With the ending of the year this week a lot of us are thinking about changes we would like to make in the coming year. Some will make resolutions, of course, while others will be less specific in considering how they would like to do better. It is true, in a sense, that when we move from December 31 to January 1 this week it will be just another Saturday to Sunday, but it also will mark the beginning of a New Year. I am among those who like to give consideration to at least a few positive changes I would like to make as we turn the calendar from one year to another.

During October, November, and December Jan and I have already made one gigantic change in selling our house, moving to Texas, and making arrangements to buy a new one. I am also using the occasion, as I generally have in the past, to specify a few challenges for myself. A couple have to do with my health, of which I will not bore you, and one is a general spiritual challenge.

I’ve been thinking a lot the last couple of weeks about the Apostle Paul’s challenge in Ephesians 4:1, “I urge you to live a life worthy of the calling you have received.” I don’t think he is talking about a specific “calling” to be a pastor or missionary or whatever, but the general calling to be a Christian—a disciple of Jesus. In other words, the urging to live a life worthy of the calling you have received is for all of us who have said yes to the Lord. But what does it mean “to live a life worthy of the calling” we have received? It certainly can’t mean that having been accepted, forgiven, and saved by grace we are now supposed to measure up by becoming worthy in ourselves.

I looked at a variety of other translations and got some help from Eugene Peterson’s The Message. He paraphrases, “I want you to get out there and walk on the road God called you to travel.” The way I am taking Paul’s challenge for myself is to continually give myself to living as a Christian and making progress in it. And the key for me is the phrase “making progress.” None of us would have to look too far in the New Testament, or think very much about living the Christian life,  to come up with a couple of specifics we could focus on with the beginning of another year.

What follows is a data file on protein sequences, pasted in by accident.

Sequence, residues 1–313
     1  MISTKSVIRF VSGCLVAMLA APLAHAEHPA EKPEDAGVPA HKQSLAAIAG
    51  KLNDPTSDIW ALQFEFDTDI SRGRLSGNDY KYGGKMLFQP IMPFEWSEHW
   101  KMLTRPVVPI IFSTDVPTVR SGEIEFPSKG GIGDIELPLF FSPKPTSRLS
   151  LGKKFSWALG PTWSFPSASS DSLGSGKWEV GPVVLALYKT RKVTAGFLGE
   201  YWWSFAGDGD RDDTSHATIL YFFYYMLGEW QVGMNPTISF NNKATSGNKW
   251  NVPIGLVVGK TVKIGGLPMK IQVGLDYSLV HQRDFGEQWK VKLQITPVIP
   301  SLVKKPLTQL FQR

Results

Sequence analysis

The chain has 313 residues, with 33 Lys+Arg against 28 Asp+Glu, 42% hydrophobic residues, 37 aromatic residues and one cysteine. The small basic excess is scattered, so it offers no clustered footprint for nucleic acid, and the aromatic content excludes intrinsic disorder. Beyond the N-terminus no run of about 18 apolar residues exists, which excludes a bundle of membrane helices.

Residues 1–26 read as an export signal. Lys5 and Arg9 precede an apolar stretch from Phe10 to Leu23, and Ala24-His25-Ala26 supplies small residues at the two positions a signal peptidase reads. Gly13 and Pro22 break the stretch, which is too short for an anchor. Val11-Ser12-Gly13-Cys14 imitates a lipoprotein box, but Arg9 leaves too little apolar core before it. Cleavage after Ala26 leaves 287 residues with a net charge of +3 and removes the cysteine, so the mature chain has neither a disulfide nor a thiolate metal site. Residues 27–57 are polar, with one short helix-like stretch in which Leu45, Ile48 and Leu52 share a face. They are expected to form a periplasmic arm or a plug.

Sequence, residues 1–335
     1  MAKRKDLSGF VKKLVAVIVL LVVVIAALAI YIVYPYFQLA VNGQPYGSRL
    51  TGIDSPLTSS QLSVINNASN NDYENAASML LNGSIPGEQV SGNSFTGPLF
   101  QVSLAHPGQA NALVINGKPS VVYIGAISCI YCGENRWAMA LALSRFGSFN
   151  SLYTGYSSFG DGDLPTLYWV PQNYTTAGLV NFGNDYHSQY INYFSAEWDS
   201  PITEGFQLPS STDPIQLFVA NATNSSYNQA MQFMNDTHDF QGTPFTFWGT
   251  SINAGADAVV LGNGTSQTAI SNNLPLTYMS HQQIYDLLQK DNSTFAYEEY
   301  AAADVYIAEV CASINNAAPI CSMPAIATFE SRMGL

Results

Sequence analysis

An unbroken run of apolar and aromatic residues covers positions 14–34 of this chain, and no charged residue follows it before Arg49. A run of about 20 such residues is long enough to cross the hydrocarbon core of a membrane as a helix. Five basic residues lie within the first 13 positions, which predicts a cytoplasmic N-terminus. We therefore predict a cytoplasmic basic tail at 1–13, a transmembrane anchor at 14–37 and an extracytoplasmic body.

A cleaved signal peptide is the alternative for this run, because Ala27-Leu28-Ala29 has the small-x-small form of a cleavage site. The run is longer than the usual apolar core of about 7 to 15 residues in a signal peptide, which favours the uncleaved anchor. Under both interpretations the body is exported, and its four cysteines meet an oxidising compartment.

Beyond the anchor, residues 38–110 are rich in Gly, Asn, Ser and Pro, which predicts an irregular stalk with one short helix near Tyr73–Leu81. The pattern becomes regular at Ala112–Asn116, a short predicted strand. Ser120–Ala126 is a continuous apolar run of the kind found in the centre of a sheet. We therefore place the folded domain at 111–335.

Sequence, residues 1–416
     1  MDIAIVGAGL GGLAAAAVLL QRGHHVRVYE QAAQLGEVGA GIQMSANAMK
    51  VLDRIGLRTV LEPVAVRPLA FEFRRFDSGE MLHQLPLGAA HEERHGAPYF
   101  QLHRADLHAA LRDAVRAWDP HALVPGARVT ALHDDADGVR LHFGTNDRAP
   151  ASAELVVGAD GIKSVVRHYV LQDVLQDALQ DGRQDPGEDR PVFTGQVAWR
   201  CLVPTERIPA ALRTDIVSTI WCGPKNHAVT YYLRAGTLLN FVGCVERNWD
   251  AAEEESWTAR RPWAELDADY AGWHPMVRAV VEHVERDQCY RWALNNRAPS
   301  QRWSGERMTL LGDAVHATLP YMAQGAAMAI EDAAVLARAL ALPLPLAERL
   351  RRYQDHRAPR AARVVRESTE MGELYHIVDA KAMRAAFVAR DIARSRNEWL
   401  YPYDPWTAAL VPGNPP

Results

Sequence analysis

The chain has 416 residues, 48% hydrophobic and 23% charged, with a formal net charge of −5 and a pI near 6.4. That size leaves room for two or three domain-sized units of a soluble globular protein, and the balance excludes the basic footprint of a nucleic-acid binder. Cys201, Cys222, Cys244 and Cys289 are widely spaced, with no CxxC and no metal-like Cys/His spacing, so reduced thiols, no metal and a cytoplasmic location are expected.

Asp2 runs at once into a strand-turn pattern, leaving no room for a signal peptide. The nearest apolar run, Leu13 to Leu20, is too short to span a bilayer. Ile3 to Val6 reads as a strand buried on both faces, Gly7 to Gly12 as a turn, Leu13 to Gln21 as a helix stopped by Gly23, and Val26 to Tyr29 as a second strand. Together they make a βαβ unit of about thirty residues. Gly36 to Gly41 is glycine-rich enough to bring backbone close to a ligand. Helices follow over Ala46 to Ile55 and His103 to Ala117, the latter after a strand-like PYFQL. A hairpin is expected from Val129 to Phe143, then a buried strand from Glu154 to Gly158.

What I’ve become more convicted of the past few weeks is the Bible’s general call for and Jesus’ specific teaching about humility. Two teachings from Jesus that have my attention are Luke 14:11, “For all those who exalt themselves will be humbled, and those who humble themselves will be exalted,” and Luke 18:9, “To some who were confident of their own righteousness and looked down on everyone else, Jesus told this parable.” Clear instruction from Paul that challenges me is in the middle of Romans 12:3, “Do not think of yourself more highly than you ought.” I had already been thinking about this matter, and then read in a book last night that living the Christian life is not compatible with self-aggrandizement. I looked the word up and self-aggrandizement is “the practice of enhancing or exaggerating one’s own importance, power, reputation, status, etc.” To me this sounds like what both the Bible in general and Jesus in specific tells us not to do.

I have no idea what specific area or areas you may want to make progress in this coming year, but for me it is chipping away at pride and cultivating humility. I’m using this post as a first step. If you would like to join me I encourage you to read the passages I have cited in their context, especially the two parables of Jesus in Luke 14 and 18. It’s a New Year – so what? It’s an opportunity for us to give ourselves to making some progress in living the Christian life. It’s up to you whether or not you do.

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A lot of us will be exchanging gifts this week, but I don’t think any of us considers his or her gift exchanges tradeoffs. To me, a tradeoff is when you give up something in order to gain something. And if it is a real tradeoff, what you give up is something of value. Christmas is about a huge tradeoff that I will return to in a moment.

I’ve been thinking about this matter of tradeoffs since I left Southern California last week to move to the Texas Panhandle. During that two day drive and the first couple of days after I arrived, I was focused on what I was giving up: familiarity, weather, friends, year round golf on many golf courses, a variety of avenues and opportunities to serve, and all that the greater Los Angeles area has to offer. After 32 years I may have drifted into taking it all for granted and I was miserable.